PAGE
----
He cleared his throat and waved a paw in dismissal. "It's a long story."

She shook her head and sighed. "Anyway. You said she froze? Something to do with a disk you installed."

"Yeh." His eyes went over to DL briefly. "But before we get into that, I suppose I should introduce you to the rest of my crew." He turned to look at Surge then nodded at the other two pokemon. "This is Anchor. He's my weapons expert, pilot and ship engineer. You already know Matrix."

"Oh yes." Surge leant back against the kitchenette counter. "I know the cute bug."

If Matrix was embarrassed, he didn't show it. He reached into his small bag and pulled out the disks.

"I've gone over these," the ribombee explained. "I can't find anything wrong with them. No discrepancies in the coding. My only assumption is there's a typo or missing command somewhere."

Surge took the disks and rifled through them. "There's nothing written on them to even say what they are."

"They're her memory disks," said Macro. "Socket obviously wanted to make them hard to find."

"And low key," Anchor added.

"They've also been locked," said Surge. "So no one can erase or write over them."

Macro took one of the square black disks off her and looked over it. Sure enough, the safety tag normally located in the top right corner had not only been moved into its 'lock' position, it had been broken away. A permanent measure often found on video games.

"That means if anything is wrong with this recent disk," said Surge, "whichever one it is, then it will be impossible to fix."

"That means it downloaded with an error?" Macro asked. "Or it was altered out of malice before the disk was finalized?"

"Or it's nothing to do with the disk." Surge shrugged. "Let me have a look over her before we jump to any conclusions. Don't touch that!"

Anchor's paw hovered over a large gun and he retracted it slowly to his side.

"I was just lookin'," he muttered.

"Look with your eyes." Surge took a deep breath and ran a paw over her face. "Seriously, if that misfires, the entire building is gonna come down around our ears."

Anchor took a step back from the gun, then rejoined Macro's side.

Surge sighed and shook her head, moving over to the bedside unit. Macro watched her like a hawk as she looked over DL. Then she opened a drawer and pulled out a long, black cable.

"It must be so strange to have a jack lead adaptor in your head," she said, more to DL than to the space pirates. She then turned to Macro. "Are you wanting to stay and wait while I do this?"

"I was planning on it." Macro folded his arms and inclined his head on one side. "How long do you think this is gonna be?"

"Yeh," said Matrix. "'Cos I might go to the Lounge and play games."

Surge tutted and attached the cable to her computer. "Abandoning your captain? Not exactly a loyal little bee, are you?"

"I'm used to it." Macro pulled up a chair beside the coffee table.

"If I have time, I'm taking advantage of it," Matrix protested.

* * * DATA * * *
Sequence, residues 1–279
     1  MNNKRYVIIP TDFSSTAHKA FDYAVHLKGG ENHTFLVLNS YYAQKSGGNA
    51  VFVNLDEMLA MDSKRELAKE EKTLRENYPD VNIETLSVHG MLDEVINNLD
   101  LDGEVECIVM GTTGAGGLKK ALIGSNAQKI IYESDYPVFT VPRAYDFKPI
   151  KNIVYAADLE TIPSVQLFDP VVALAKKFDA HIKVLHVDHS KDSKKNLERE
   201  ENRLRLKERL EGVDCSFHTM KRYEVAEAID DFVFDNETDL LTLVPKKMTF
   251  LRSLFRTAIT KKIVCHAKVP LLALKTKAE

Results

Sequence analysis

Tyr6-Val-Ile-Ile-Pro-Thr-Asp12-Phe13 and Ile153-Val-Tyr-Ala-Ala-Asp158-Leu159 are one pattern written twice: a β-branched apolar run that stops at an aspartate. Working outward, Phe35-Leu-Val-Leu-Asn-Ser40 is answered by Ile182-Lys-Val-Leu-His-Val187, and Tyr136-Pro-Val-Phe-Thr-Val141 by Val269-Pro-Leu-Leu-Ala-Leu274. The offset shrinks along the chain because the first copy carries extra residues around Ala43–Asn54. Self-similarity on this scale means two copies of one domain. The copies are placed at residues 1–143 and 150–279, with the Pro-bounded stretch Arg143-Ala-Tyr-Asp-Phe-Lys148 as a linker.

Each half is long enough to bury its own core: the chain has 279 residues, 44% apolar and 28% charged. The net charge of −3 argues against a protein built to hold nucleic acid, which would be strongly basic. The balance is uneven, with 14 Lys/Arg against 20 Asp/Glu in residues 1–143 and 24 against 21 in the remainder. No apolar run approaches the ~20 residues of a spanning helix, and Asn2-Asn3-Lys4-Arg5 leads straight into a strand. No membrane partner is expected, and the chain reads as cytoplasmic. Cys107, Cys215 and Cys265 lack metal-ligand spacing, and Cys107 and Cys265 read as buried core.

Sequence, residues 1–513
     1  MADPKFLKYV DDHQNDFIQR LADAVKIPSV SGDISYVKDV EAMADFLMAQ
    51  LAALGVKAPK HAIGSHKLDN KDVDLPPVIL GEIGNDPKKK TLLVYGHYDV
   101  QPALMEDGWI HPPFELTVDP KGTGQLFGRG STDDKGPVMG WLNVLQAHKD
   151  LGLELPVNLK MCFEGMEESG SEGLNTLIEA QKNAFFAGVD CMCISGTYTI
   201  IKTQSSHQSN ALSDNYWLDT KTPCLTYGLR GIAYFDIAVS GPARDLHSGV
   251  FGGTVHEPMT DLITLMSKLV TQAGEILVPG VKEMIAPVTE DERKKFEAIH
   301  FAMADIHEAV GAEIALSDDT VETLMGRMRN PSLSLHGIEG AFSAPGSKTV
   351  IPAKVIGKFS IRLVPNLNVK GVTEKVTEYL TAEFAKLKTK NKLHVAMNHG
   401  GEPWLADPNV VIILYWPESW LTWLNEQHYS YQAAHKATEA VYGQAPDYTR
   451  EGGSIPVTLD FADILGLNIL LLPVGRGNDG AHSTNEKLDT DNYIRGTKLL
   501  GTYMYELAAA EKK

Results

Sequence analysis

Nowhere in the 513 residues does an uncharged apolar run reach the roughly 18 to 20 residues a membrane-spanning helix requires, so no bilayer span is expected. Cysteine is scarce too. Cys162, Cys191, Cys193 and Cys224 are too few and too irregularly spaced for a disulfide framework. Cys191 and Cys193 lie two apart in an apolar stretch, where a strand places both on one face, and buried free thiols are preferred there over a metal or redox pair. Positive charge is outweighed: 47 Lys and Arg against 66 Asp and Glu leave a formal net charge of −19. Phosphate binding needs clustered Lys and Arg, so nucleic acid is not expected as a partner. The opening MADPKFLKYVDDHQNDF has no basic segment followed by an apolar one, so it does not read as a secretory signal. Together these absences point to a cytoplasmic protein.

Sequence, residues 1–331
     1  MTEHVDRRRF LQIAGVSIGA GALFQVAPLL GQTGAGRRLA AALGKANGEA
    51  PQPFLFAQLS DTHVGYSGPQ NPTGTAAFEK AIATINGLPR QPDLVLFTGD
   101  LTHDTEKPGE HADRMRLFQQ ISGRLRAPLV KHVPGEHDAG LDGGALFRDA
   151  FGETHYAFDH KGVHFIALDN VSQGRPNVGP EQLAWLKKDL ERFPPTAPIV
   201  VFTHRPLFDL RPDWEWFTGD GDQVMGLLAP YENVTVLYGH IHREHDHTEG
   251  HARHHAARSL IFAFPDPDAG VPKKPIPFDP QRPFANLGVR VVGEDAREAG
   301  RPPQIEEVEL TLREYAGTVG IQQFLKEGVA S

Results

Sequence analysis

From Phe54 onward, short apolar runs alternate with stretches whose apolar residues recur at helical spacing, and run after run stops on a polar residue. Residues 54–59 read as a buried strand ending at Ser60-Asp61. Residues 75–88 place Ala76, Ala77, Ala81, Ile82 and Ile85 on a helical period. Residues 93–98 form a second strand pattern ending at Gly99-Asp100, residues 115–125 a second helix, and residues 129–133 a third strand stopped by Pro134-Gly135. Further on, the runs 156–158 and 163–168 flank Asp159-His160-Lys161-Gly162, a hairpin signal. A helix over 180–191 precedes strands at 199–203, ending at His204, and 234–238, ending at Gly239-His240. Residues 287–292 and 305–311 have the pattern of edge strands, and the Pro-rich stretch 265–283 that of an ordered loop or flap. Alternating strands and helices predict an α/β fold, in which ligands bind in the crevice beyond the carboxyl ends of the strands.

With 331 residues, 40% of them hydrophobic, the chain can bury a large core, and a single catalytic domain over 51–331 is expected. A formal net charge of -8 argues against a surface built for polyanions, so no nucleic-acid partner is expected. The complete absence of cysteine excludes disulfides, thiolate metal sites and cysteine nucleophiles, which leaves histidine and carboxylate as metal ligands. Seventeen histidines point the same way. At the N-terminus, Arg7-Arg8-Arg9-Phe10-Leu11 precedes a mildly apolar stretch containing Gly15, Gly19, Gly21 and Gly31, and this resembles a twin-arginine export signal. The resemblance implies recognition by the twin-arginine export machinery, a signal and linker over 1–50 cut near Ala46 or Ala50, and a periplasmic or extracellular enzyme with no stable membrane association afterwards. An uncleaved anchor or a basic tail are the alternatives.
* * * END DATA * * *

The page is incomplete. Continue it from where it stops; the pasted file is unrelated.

"It could be a while," said Surge. "I'm going to treat what's happened to her as a computer crash and leave my tablet running a full diagnostic. You might want to help yourselves to drinks."

"I'm on it." Anchor marched over to the refrigerator and tugged it open. "Woo. Berry juice. Not a bad selection. Someone likes their vitamins."

Surge rolled her eyes.

"I'm guessin' Macro's on the pecha juice," said Anchor. "Can I get you anything, Surge?"

"Pecha for me, too, please," said Surge without looking up.

Matrix buzzed over to Anchor and helped him pour out five glasses. Anchor sat opposite Macro with a sickly green juice that made Macro's nose crinkle.

Matrix raised his glass and nodded. "I'll just finish this and be out of your fur. You know where to find me."

Surge said nothing. Too focused on her task, or plain ignorance. Macro couldn't decide.

He sipped his drink, keeping one eye on the zigzagoon. His heart was hammering as his mind ran through every single worse-case scenario that resulted in DL never waking up. Trapped in an eternal sleep.

A loud scream came through the window, causing Macro to drop his glass. Anchor let his drop to the table, splashing the worn wood with bitter juice. All eyes went to the window, and Matrix shot towards it like a yellow dart.

A cacophony of voices melded in the street below. Shouts, cries, screams.

"It looks like a riot or something," said Matrix.

Macro pushed himself to his feet and ran to join the ribombee. Anchor and Surge appeared on either side and Matrix opened the window, allowing them all to lean out to get a clearer view.

It wasn't a riot.

Pokemon were gathering weapons or belongings and making a beeline for the docks.

"Think our friend showed up?" Anchor asked.

"Looks like it." Macro pushed back from the window and turned towards the door. "Come on, crew. We're gonna head it off."

"Where are you going?" Surge demanded. "What 'friend'?"

Macro stopped by the door and looked back over his shoulder. "There's a monster on the loose. Probably some dimensional beast Socket's warped plan has let loose. It was heading this way."

"And you were going to tell me all this when?"

Anchor spread his paws and looked from the zigzagoon to Macro. "You didn't warn her? You warned Worm."

Macro waved his arm at DL. "Excuse me if it kinda slipped my mind!"

"How could it slip your mind?" Matrix asked. "It wrecked our cargo hold."

More cries came from the street, distressed and frightened mixed with angry and commanding.